I'm trying to think, but nothing happens

snarlyjack
Posts: 780
Joined: Fri Aug 28, 2015 12:44 pm
Location: Montana

Re: To be or not to be complex, that is the question

Post by snarlyjack » Wed May 30, 2018 3:37 pm

1210sda,

Thank You, it's good to hear...

Meet some Millennial's (that I read, excellent info).
Let's math this up...

Early Retirement Now, Dr. ERN PHD. Economics.
Actuary On Fire, MS Actuary.
Four Pillar Freedom, BS Statistics.
Millennial Revolution, BS Engineering.
(me) SJ. BS Finance.

Our generation are not total grunges...

User avatar
friar1610
Posts: 1312
Joined: Sat Nov 29, 2008 9:52 pm
Location: MA South Shore

Re: To be or not to be complex, that is the question

Post by friar1610 » Wed May 30, 2018 3:39 pm

dbr wrote:
Wed May 30, 2018 7:30 am
I am a strong believer in our maxim that the worst enemy of a good plan is a better plan.

I find complex investment analysis intellectually interesting but have no desire to make any practical application. My answer about SCV tilting, for example, is that I don't because I don't need to and I don't want to. A simple three fund portfolio has been good enough for me. I am not going to answer "which bond fund?" either.

I would extend the same comment to retirement studies. The stuff is intellectually interesting but I have no interest in engineering withdrawals and all that stuff down to the nit. I guess that is why I have such disdain for buckets, LMP, and other schemes, even VPW, which does have some rationale.
This is exactly my thinking. Although, like Rick, it took me a while to get there.
Friar1610

User avatar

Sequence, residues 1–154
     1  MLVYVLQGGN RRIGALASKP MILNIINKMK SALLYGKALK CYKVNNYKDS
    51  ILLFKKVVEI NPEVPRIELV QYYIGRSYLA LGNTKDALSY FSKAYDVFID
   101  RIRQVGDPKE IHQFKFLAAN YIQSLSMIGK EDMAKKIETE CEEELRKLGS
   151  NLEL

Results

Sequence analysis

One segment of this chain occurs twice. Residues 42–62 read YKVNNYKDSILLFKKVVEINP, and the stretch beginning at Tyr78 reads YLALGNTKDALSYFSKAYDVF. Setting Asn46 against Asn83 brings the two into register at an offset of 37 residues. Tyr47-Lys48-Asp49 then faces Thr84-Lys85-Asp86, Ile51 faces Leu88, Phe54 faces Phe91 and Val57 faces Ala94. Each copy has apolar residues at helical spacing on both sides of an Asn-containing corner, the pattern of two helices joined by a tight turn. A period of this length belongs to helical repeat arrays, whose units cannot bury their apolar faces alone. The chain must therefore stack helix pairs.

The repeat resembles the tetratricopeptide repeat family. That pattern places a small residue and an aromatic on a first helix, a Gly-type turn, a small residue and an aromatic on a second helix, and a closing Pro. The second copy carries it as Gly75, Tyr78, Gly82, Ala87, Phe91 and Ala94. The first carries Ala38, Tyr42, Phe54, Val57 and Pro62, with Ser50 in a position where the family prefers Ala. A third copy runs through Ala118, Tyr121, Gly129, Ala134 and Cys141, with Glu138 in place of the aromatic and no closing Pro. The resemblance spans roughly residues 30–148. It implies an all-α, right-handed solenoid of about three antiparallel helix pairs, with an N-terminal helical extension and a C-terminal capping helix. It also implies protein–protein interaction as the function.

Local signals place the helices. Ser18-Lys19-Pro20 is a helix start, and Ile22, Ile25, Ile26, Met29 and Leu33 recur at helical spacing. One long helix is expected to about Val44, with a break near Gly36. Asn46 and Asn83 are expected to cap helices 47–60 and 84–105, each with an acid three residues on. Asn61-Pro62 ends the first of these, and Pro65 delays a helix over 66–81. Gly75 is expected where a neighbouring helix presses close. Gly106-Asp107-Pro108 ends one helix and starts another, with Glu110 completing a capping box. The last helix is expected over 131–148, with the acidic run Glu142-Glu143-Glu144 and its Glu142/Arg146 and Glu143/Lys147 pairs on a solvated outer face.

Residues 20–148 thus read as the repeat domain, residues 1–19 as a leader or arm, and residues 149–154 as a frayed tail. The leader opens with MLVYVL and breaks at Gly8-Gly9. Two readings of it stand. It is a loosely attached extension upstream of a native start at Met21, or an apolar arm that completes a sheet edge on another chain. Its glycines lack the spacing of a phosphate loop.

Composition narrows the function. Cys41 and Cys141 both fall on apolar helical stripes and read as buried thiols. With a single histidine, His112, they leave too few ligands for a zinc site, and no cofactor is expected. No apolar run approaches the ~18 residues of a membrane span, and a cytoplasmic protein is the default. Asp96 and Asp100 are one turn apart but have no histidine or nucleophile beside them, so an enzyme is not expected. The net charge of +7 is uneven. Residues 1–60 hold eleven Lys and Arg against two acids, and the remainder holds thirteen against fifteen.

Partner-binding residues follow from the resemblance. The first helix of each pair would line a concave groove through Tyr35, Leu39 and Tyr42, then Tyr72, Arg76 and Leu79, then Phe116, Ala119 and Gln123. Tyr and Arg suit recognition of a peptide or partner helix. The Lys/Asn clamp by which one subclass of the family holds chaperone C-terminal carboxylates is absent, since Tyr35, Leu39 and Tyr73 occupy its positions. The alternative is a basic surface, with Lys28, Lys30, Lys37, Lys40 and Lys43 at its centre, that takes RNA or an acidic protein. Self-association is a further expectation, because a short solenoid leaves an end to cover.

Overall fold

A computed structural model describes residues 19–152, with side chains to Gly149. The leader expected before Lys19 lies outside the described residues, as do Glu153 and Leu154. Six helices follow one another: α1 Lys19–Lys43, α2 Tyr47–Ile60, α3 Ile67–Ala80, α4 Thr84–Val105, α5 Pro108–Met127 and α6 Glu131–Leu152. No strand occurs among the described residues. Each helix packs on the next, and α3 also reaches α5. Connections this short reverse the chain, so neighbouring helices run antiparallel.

Kenkat
Posts: 4430
Joined: Thu Mar 01, 2007 11:18 am
Location: Cincinnati, OH

Re: To be or not to be complex, that is the question

Post by Kenkat » Wed May 30, 2018 4:00 pm

Wow, is there no one to defend a little complexity? It’s been pretty much a US large growth run here lately so there hasn’t been much for the slicers to cheer about recently.

I have had a relatively modest slant to small and value since 2000; I’ve owned REIT, Small Value, EM since then, for example. Large value since the mid-90’s. I don’t see my portfolio as particularly complex - I don’t make changes beyond the occasional (and infrequent) rebalance and it doesn’t really seem to cost any more either - not significantly at least. I’ve tracked my return against simple LifeStrategy and Target Retirement funds since 1999 and overall it has helped my performance. Not so much lately, but overall, yes.

I am sticking with my current approach but simple works too; it is really more about savings rate and staying invested in whatever you choose that matters, in my experience.

User avatar
1210sda
Posts: 1416
Joined: Wed Feb 28, 2007 8:31 am

Re: To be or not to be complex, that is the question

Post by 1210sda » Wed May 30, 2018 4:08 pm

snarlyjack wrote:
Wed May 30, 2018 3:37 pm
1210sda,

Thank You, it's good to hear...

Meet some Millennial's (that I read, excellent info).
Let's math this up...

Early Retirement Now, Dr. ERN PHD. Economics.
Actuary On Fire, MS Actuary.
Four Pillar Freedom, BS Statistics.
Millennial Revolution, BS Engineering.
(me) SJ. BS Finance.

Our generation are not total grunges...

LOL, there is hope. :D
(I am impressed)
1210sda

snarlyjack
Posts: 780
Joined: Fri Aug 28, 2015 12:44 pm
Location: Montana

Re: To be or not to be complex, that is the question

Post by snarlyjack » Wed May 30, 2018 4:23 pm

Rick,

This is great information.

10 charts 10 insights.

enjoy...

http://www.fourpillarfreedom.com/10-charts-10-insights/

Dave55
Posts: 377
Joined: Tue Sep 03, 2013 2:51 pm
Location: Colorado

Re: To be or not to be complex, that is the question

Post by Dave55 » Wed May 30, 2018 4:25 pm

Thanks Rick, excellent post. I chased alpha for decades and I am now totally set with:
VTI + VXUS + VBTLX + VFIDX

Dave

Post Reply